Annex B. Methodology

The OECD Building Skills for All project used a questionnaire built for this project supported by the input and insights from a diverse group of stakeholders through bilateral interviews and further education college site visits.

The OECD received responses from the Department for Education to the OECD questionnaire including questions as below:

  1. 1. How does the government define weak adult basic skills?

  2. 2. What tools are used to diagnose the basic skills levels of adults?

  3. 3. Which government policies – with what levels of funding - address the problem of weak adult basic skills?

  4. 4. How does government segment the population of adults with weak basic skills?

  5. 5. What government policy – with what levels of funding - focuses specifically on the question of adults in work with weak basic skills?

  6. 6. How has policy changed over the last 10 years?

  7. 7. What is the role of non-governmental organisations in enhancing the skills of adult workers – in general terms and in work?

  8. 8. What influence does government have over non-governmental organisations working in the field?

  9. 9. What research has been commissioned by government to build understanding of effective responses to the problem of weak adult basic skills? Please describe relevant research projects which are either ongoing or have been completed over the last 10 years.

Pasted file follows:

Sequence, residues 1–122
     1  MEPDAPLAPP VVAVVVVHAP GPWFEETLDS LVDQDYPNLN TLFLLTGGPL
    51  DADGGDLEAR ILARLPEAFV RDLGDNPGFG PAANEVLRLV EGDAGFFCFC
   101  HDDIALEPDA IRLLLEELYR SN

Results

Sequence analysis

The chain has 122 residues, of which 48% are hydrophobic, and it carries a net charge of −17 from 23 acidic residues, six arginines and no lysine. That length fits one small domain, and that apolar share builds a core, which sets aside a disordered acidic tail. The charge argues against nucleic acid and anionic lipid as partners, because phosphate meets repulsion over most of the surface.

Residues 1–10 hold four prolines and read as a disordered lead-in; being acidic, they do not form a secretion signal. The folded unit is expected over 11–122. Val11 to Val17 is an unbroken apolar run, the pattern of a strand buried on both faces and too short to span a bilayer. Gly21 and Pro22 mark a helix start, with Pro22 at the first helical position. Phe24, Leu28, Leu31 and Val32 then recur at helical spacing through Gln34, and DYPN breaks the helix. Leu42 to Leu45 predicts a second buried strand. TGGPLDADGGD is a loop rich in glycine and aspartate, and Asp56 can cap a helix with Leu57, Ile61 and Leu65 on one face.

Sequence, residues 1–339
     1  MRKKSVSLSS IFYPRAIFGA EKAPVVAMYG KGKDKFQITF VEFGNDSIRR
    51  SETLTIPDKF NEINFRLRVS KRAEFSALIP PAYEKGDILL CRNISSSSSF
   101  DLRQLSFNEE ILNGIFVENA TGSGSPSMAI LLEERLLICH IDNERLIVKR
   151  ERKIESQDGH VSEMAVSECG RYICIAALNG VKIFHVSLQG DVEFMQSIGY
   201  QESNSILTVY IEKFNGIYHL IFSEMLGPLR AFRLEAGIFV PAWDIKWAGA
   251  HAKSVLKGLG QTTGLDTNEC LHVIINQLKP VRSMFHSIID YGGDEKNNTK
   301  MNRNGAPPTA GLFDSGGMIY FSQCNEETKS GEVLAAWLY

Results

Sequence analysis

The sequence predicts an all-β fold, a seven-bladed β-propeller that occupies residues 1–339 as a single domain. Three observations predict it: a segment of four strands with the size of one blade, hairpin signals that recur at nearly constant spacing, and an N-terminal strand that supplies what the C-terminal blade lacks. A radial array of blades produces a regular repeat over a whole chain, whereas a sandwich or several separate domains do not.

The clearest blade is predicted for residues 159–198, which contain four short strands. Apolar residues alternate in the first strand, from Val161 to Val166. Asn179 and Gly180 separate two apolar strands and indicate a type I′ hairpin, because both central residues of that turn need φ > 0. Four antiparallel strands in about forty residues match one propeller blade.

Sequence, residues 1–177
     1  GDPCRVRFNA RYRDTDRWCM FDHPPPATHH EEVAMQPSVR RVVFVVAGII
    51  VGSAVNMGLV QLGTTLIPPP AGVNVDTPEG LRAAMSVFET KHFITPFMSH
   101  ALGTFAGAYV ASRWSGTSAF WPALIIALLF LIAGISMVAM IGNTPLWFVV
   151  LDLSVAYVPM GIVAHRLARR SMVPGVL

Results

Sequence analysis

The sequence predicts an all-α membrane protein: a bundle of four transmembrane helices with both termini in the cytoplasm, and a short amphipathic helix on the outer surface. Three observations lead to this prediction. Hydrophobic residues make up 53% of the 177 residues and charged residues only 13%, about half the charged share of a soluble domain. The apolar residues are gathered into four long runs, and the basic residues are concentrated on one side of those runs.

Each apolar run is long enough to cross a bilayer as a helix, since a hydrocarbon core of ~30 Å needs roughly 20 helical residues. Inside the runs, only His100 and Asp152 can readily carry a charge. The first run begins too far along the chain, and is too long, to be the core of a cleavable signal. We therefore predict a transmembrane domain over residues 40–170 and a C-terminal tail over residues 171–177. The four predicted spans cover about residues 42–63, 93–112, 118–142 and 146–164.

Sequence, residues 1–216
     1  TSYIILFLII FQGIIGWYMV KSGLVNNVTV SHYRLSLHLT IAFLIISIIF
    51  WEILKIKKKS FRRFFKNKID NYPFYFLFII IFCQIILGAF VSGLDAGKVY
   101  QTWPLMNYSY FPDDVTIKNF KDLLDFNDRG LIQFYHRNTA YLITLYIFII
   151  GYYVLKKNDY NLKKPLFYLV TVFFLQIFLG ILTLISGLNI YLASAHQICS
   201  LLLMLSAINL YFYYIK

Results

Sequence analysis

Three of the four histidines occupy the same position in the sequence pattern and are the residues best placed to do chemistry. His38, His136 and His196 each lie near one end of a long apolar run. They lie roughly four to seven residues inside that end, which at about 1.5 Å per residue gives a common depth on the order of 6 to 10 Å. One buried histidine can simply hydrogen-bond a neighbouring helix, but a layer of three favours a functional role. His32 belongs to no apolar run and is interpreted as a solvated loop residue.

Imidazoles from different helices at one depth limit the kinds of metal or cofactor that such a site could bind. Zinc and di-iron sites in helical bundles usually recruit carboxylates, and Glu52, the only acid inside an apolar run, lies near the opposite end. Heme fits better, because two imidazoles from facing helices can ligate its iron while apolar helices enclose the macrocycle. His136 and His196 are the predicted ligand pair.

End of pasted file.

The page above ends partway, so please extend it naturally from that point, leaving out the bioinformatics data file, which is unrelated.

10. 10. What research has been most influential on policy development over the last 10 years?

  11. 11. What incentives exist for employers to engage in policy interventions aimed at enhancing the basic skills of workers?

  12. 12. What policy interventions have been undertaken over the last 10 years to encourage or enable employers to engage in policy interventions aimed at enhancing the basic skills of workers?

  13. 13. What policy interventions have been undertaken over the last 10 years to encourage or enable employers to change the character of work to enhance or sustain the development of basic skills?

  14. 14. What is a reasonable self-assessment of government action to enhance and sustain the development of basic skills for adults in general – and in work, in particular – over the last 10 years?

  15. 15. Please provide summary statistics for: i) Learners in different adult basic skills programmes. ii) Characteristics of learners in basic skills programmes (in terms of age/gender, educational background, migration status, employment status).


[17] Belfield, C., C. Farquharson and L. Sibieta (2018), 2018 annual report on education spending in England,

[11] Booth, S. (2017), Annex B: Basic Skills in workplaces – a behavioural insights perspective – research report, London: Department for Education,

[13] Carpentieri, J. (2014), Improving basic skills in adulthood: participation and motivation, Literature review prepared for the European Commission Working Group on Adult Learning,

[2] Department for Business, Innovation and Skills (2012), The 2011 Skills for Life Survey: A Survey of Literacy, Numeracy and ICT Levels in England,